Basis Points | B2B Finance Glossary
What Are Basis Points?
Basis points – also known as BPS or “bips” – are a way to measure specific aspects of finance. One basis point is one hundredth (1/100th) of one percentage point, or 0.01%. This means that a change of 100 basis points equals a change of 1%. In decimal form, one basis point appears as 0.0001. A fractional basis point such as 1.5 basis points is equivalent to 0.015%. In decimal form, a fractional basis point is 0.00015.
Basis points make it possible to identify the percentage change in the value of financial instruments or the rate change in an index or other benchmark. Typically, they refer to changes in bond yields and interest rates, but they also may refer to the percentage change in the value of an asset such as a stock. In the bond market, a basis point refers to the yield a bond pays the investor.
Why Are Basis Points Used Instead of Percentages?
Basis points are used instead of percentages because they are less ambiguous – they represent an absolute, set figure instead of a ratio. Basis points are also helpful when discussing measurement changes because it is much more convenient to say 50 “bips” instead of 0.05%. On top of this, the smaller the number being discussed, the more convenient it is to use basis points to communicate: for example, it’s much simpler to say two basis points as opposed to 0.02%.
Additionally, basis points can help you track changes to the stock index in a very clear way. Many analysts find it easier to use basis points to report changes in asset value as opposed to percentages since percentages can get mixed up with other rate increases.
How Are Basis Points Used?
Basis points are usually employed to measure small expressions of change in interest rates or yields. However, it’s important to note that they can also be applied to asset value changes. For example, when stock values change by percentages lower than 1%, basis points are typically used to describe this change since they represent one-hundredth of a percentage point.
Basis points are usually used to measure the following financial instruments:
- Treasury bonds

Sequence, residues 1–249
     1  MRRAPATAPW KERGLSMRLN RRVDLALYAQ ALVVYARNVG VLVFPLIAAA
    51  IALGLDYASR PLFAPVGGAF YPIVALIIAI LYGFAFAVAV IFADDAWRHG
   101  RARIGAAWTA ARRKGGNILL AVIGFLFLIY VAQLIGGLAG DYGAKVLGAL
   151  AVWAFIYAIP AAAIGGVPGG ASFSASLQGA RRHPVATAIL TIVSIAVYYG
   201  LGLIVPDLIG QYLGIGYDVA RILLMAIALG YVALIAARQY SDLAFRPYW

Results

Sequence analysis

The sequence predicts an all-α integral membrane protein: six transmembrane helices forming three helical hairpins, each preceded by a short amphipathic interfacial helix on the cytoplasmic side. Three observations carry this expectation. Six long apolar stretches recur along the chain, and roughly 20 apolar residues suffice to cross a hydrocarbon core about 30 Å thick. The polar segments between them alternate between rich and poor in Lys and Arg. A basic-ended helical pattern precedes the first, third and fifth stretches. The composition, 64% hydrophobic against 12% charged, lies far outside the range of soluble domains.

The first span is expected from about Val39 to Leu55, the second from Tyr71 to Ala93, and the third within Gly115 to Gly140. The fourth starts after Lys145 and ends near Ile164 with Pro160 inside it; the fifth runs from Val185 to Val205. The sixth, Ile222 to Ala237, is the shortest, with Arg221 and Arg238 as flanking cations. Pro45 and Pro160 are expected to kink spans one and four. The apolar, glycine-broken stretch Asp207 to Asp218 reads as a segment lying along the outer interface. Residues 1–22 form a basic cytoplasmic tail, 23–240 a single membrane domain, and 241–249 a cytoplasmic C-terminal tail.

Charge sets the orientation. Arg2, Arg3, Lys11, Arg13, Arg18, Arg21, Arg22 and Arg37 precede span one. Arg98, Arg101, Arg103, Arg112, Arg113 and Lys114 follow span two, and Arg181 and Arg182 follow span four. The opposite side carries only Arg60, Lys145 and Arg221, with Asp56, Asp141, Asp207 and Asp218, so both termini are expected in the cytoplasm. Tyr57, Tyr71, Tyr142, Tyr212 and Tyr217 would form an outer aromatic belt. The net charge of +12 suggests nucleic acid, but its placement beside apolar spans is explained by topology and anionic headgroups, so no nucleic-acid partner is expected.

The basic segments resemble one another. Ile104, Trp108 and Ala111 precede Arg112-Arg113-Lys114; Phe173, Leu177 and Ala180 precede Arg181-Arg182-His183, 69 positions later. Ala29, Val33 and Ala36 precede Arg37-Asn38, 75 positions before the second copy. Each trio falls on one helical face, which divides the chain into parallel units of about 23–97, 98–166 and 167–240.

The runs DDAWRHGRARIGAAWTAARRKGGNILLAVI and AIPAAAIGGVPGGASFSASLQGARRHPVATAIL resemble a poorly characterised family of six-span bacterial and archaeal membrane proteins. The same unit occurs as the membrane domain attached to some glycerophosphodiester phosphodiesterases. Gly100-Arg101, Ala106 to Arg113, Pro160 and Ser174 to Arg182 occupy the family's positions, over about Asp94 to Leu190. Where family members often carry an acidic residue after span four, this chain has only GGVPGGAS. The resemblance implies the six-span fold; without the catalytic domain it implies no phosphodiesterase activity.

- Equity securities
- Debt securities
- Options and futures
- Credit derivatives
- Interest rates
- Corporate bonds
- Equity securities, such as common stock
- Debt securities, such as mortgage loans
What Are the Benefits of Basis Points?
Basis points are essential because they can help investors track changes in value regarding minimal percentages. Essentially, they offer an incredibly accurate way to pinpoint these small changes. Using basis points can also help mitigate ambiguity when recording the differences between relative and absolute interest rates.
If, for example, you’re looking at an interest rate that has increased from 5% to 6%, you would report a 1% increase under the absolute method. But, on the other hand, you may have a completely different figure. As a result, basis points are used to avoid any confusion that might appear. In this example, you can say there was an increase of 100 basis points. Since one basis point is equivalent to 0.01%, it’s a form of measurement that ensures no confusion will occur: basis points are a universal measurement with many different use cases.
How Can Basis Points be Converted to Percentages?
Two simple formulas help you convert basis points into percentages and percentages into basis points. Here’s what they look like:
- Percentage X 100 = basis points
- Basis points/100 = percentage
How Do Investors Use Basis Points?
Basis points are beneficial when measuring returns and yields since they express small changes over time that add to a significant change over a long period.
Investors use basis points to measure change across many different financial instruments. These include corporate bonds, common stock, treasury bonds, and mortgage loans. Basis points can also be used to compare expenses and certain funds’ fees since they express an asset’s value change. Adjusting interest rates by even one basis point can have a devastating impact on investments. At the same time, changing an asset’s value to just one or two basis points can create a massive shift for institutions and individual investors.